“A man is venturing into the Yoshiwara red light district one evening, when he sees a prostitute walking down the street. From the rear, he recognizes her as one of his favorites, and so rushes up to claim her. When she turns around, she reveals her entire body is made up of hair, with no skin visible. “

Toriyama may have been influenced by a similar monster from Chinese mythology, called the Hair Woman (毛女). The Hair Woman is also made up entirely of hair, although she does not have the same connection to the red light district and prostitution. She comes from an old Chinese book投轄録 (Tou Xia Lu-Yu Zhao Xin Zhi; A Grand View of Literary Sketchbooks in the Past Dynasties) and it is not know if Toriayama was familiar with her or not when creating the Kejoro.

More likely Toriyama was making some sort of commentary on the red light district, or playing word games with popular slang of the time. On the adjacent page to the Kejoro of the Konjaku Gazu Zoku Hyakki is another prostitute-turned-yokai, the Aonyobu (青女房; Blue Wife). “Blue Wife” was a derogatory term for a woman who had contracted the kidney disease jinkyo (腎虚; renal ischemia), and it is possible that “Kejoro” was a similar insult that Toriyama made a monster of.

Making yokai from popular slang terms was a common practice of Toriyama, as also seen in the Kyokotsu – Crazy Bones.

Kejoro and the Yellow Books

Like many of Toriyama’s creations, the Kejoro took on a life beyond her initial creation and was a popular character in the Edo-period kiboshi (黄表紙; Yellow Books) such as Sakuragawa Jiginari’s Bakemono Haruasobi (変化物春遊 Bakemono’s Spring Play). Kiboshi were lurid, cheap tales that were some of Japan’s first mass-market literature.

An entire genre of kibosh was dedicated to the Yoshiwara pleasure districts, and the Kejoro fit easily into this “Please District Literature.” Supernatural prostitutes were a popular theme, such as the Bakeneko Prostitutes of Edo.

The Meaning of Kejoro

Whether her creation is just Toriyama indulging in some word play or whether the Kejoro has some deeper meaning has been a debate between yokai scholars over the years.

Many feel the Kejoro falls under the Nopperabo category (See Shirime), a “startling yokai” that appears to be one thing that is actually another. There are many variations on the Nopperabo story in Japan, all based on expectations and the shock of something ordinary turning out to be something extraordinary

Researcher Tada Katsumi sees the Kejoro as a satire and commentary on Edo-period “Pleasure District Literature” that were popular at the time. There were many cautionary tales of prostitutes that turned out to be something horrific, and Tada shows the linking of the words化粧 (kesho; make-up, cosmetics) with お化け (obake; monster). Both share the kanji化 meaning “to change,” and the yokai prostitute tales comment on women’s ability to alter their appearance and hide their true face.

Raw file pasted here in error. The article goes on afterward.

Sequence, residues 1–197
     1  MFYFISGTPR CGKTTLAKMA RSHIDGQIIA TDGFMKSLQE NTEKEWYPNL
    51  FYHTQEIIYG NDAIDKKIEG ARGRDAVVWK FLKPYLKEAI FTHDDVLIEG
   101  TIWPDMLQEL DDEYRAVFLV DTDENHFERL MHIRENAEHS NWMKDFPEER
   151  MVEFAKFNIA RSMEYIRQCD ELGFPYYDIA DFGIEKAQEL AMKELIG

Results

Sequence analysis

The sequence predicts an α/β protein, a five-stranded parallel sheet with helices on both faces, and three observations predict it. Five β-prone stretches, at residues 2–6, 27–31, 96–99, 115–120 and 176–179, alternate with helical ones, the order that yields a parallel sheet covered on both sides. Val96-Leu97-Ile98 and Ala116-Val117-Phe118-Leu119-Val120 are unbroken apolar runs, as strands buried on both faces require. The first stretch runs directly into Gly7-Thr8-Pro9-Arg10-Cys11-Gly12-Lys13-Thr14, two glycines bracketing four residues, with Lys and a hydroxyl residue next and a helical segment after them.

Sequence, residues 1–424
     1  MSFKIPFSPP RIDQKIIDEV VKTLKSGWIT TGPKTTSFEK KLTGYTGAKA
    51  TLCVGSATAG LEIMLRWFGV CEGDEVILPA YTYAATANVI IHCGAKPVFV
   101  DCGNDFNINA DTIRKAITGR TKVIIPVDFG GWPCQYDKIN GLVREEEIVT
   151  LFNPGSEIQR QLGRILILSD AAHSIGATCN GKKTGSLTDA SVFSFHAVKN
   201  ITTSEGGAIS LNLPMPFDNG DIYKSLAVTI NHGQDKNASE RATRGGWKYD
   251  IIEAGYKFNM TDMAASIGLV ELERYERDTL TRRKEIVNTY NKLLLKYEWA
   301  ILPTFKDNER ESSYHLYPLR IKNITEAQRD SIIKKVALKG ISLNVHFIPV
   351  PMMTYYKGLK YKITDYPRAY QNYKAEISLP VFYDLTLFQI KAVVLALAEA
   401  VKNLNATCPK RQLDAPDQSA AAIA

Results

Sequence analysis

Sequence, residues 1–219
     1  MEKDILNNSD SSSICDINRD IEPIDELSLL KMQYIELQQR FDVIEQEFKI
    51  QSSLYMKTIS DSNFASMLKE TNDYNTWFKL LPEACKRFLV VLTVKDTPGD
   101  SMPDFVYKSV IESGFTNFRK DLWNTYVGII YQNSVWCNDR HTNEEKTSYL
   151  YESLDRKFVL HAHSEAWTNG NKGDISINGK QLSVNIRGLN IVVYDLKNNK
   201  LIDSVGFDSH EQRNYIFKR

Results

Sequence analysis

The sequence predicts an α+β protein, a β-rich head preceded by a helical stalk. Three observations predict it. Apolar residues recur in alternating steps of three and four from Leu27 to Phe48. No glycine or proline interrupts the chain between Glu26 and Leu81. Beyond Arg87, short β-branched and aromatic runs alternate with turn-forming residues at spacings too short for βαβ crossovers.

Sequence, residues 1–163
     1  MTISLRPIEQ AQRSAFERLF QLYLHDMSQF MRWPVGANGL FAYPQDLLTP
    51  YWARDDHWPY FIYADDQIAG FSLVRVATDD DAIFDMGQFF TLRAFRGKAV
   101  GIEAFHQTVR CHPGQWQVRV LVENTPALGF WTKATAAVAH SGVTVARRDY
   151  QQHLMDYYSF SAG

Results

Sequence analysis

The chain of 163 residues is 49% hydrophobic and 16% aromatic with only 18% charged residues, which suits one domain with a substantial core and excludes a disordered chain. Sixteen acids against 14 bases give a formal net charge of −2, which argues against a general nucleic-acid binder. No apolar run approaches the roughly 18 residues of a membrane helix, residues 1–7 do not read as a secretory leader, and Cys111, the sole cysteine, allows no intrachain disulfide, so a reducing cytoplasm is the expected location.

However, my personal favorite explanation of the Kejoro—because it is by far the scariest—relates to the ceremony of心中立 ( Shinjutate; Standing Your True Heart).

In the Edo-period prostitutes were bought and sold like property, and their only real hope was that a client would fall in love with them and buy them out of their contract and take them home as a wife. There were some happy endings, but just as often something got in the way—the man already had a wife, or couldn’t afford to purchase the woman entirely. In these cases 心中 (Shinju; Double Suicide) was often the only way out.

But sometimes the love was one-sided, a prostitute who fell so deeply in love with her client that she refused other customers. In these cases, there were rituals—known collectively as心中立 ( Shinjutate; Standing Your True Heart)—that she could perform to make herself unattractive to new customers.

One of the Shinjutate was to shave off all of your hair, and tattoo the clients name prominently on your body. This self-marked a prostitute, making her useless to her owner. But not all of these gestures were faithfully rewarded. Some (perhaps many) women performed the Shinjutate for men whose affections were not so faithful.

Some yokai researchers and storytellers imagined this hair, shorn off as symbol of love that was betrayed, taking on a life of its own to become the Kejoro.

Kejoro in Nura: Rise of the Yokai Clan

kejoro Nura Clan Yokai

The Kejoro is a character in Nura: Rise of the Yokai clan, where she is decidedly more sexy and bears little resemblance to her folklore counterpart. Unlike Toriyama’s Kejoro, any patron of the Yoshiwara would probably be thrilled to spin a woman around from behind and see the Kejoro of Nura: Rise of the Yokai Clan.

Translator’s Note:

I was in the mood for a legitimately scary yokai after the recent round of magical beasts and yokai from my translation of Mizuki Shigeru’s Showa 1926-1939: A History of Japan. The Kejoro fit the bill, and going into October and Halloween I think I’m going to focus on yurei and some of the more frightening monsters in Japan’s folkloric menagerie.

Further Reading:

For more dangerous ladies, check out:

The Bakeneko Prostitutes of Edo

Takaonna – The Tall Woman

Nure Onago – The Soaked Woman

Hashihime – The Bridge Princess

Tenjoname – The Ceiling Licker


Translated and Sourced from Mizuki Shigeru’s Mujyara, Japanese Wikipedia, and Kaii Yokai Densho Database.

Some yokai are scary, some are funny, and some are just … weird. The tenjoname—that bizarre, late-night licker of ceilings—is one of the few yokai that fits all three categories at once.

What Does Tenjoname Mean?

You can’t get much more straightforward than tenjoname. Its name combines 天井 (tenjo; ceiling) + 嘗 (name; lick) to make天井嘗—tenjoname, the ceiling licker.

What Does a Tenjoname Do?